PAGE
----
Global Warming Potential. A time dependent index used to compare the radiative forcing, on a mass basis, of an impulse of a specific greenhouse gas relative to that of CO2. Gases included in the Kyoto Protocol are weighted in the first commitment period according to their GWP over a 100-year time horizon as published in the 1995 Second Assessment Report of the IPCC [Intergovernmental Panel on Climate Change]. In that report, a kilogram of methane, for example has a radiative force of about 21 times greater than that of a kilogram of CO2.The GWP of CO2 is defined as 1, thus methane has a GWP of 21 over the 100-year time horizon. (Source: International Petroleum Industry Environmental Conservation Association (IPIECA), Climate Change A Glossary of terms, 3rd Edition, January 2001. London, 2001).
Global Warming Potential. A relative measure of the warming effect that the emission of a gas might have on the surface troposphere. It is measured as a factor relative to CO2.
Global Warming Potential. Index describing the relative warming of a unit mass of a greenhouse gas in comparison to the same mass of carbon dioxide.
Global Warming Potential. The relative contribution of certain substances (greenhouse gases), e.g. carbon dioxide, methane, CFCs, HCFCs and halons, to the global warming effect when the substances are released to the atmosphere by combustion of oil, gas and coal (CO2), direct emission, leakage from refrigerating plants etc. The standard measure of GWP is relative to carbon dioxide (GWP=1.0), which is consistent with the Intergovernmental Panel on Climate Change (IPCC) indexing approach. The GWP can be given with 20, 100 or 500 years integration time horizon. There is not a complete agreement within the scientific community on what is the proper time horizon, but 100 years is most commonly used.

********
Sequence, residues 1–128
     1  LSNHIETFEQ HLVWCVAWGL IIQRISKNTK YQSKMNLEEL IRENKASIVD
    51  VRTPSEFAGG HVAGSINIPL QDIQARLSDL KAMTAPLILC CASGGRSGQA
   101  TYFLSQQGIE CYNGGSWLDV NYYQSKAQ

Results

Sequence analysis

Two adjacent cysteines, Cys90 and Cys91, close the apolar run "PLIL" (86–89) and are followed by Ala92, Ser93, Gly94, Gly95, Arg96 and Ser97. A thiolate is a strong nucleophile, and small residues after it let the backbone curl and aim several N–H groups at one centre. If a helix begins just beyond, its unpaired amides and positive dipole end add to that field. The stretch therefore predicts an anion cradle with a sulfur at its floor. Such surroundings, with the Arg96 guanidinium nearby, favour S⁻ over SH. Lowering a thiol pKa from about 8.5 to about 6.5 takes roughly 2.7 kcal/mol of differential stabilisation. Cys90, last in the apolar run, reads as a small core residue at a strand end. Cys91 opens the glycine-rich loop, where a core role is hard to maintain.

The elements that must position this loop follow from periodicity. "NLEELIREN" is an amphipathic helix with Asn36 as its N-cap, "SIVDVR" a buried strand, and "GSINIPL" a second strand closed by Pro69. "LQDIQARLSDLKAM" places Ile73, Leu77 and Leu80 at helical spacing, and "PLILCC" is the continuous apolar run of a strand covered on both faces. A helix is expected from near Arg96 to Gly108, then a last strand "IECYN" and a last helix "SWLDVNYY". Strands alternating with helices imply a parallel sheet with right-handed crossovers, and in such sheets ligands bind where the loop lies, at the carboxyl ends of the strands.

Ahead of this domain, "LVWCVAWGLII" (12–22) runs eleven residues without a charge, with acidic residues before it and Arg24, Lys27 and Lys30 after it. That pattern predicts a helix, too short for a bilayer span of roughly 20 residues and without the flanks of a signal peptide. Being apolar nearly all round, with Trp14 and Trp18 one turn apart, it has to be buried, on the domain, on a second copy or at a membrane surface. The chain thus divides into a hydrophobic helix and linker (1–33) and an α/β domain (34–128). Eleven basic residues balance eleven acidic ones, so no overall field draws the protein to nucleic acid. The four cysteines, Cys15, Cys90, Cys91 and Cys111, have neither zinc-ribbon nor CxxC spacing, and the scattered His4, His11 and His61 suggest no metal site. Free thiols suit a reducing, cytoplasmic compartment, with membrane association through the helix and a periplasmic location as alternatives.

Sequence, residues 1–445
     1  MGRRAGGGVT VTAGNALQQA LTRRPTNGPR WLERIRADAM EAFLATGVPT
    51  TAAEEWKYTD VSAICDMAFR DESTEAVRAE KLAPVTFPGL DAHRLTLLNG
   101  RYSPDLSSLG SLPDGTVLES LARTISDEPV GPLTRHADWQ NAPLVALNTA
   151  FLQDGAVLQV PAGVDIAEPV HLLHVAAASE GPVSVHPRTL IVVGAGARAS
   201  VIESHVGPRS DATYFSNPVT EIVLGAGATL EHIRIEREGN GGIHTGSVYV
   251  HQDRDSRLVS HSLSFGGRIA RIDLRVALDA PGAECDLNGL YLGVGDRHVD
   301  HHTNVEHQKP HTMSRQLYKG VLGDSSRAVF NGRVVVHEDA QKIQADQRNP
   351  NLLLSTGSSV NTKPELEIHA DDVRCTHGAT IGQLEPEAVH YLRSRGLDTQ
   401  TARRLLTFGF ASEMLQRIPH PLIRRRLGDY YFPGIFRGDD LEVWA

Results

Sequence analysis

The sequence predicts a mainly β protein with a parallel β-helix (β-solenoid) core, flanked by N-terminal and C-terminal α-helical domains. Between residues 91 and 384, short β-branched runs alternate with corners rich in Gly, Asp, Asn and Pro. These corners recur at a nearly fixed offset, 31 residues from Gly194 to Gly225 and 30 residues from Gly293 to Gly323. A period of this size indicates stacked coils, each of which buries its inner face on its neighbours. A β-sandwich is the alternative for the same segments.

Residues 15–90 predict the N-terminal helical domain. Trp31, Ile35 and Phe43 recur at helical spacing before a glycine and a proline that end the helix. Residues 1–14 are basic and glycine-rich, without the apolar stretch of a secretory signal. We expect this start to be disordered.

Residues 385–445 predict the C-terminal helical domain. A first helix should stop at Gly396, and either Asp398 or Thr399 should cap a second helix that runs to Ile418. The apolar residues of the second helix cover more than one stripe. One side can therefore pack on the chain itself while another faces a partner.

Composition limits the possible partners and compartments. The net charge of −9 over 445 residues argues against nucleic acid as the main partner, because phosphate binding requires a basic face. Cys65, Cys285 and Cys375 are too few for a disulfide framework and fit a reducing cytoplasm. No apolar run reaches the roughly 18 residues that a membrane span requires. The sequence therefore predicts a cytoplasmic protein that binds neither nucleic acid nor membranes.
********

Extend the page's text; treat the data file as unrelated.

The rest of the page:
Global Warming Potential. The ratio of the warming caused by a substance to the warming caused by a similar mass of carbon dioxide. CFC-12, for example, has a GWP of 8,500, while carbon dioxide has a GWP of 1.
Abbreviation for Global Warming Potential.
Global warming potential. A measure of the potential of substances (normally gases or volatile liquids) to heat up the atmosphere. All measures of GWP are given relative to Carbon dioxide, the most well-known gas with global warming potential, which has a GWP of 1.
Global warming potential. Term used to describe the relative potency, molecule for molecule, of a GHG, taking account of how long it remains active in the atmosphere. The GWPs currently used are those calculated over 100 years. Carbon dioxide is taken as the gas of reference, with a 100-year GWP of 1.
Global warming potential. An index that shows the relative effects of various greenhouse gases in increasing global warming. GWPs are calculated as the amount of infra-red radiation absorbed by one kg of a gas over a period of 100 years. The GWP of carbon dioxide is one; the GWP of sulfur hexafluoride is 23,900.
Global warming potential. Greenhouse impact relative to carbon dioxide.
global warming potential - is a measurement of how much effect any given refrigerant will have on global warming in relation to carbon dioxide. This is usually measured over a 100 year period. The lower the value of GWP the better the refrigerant is for the environment.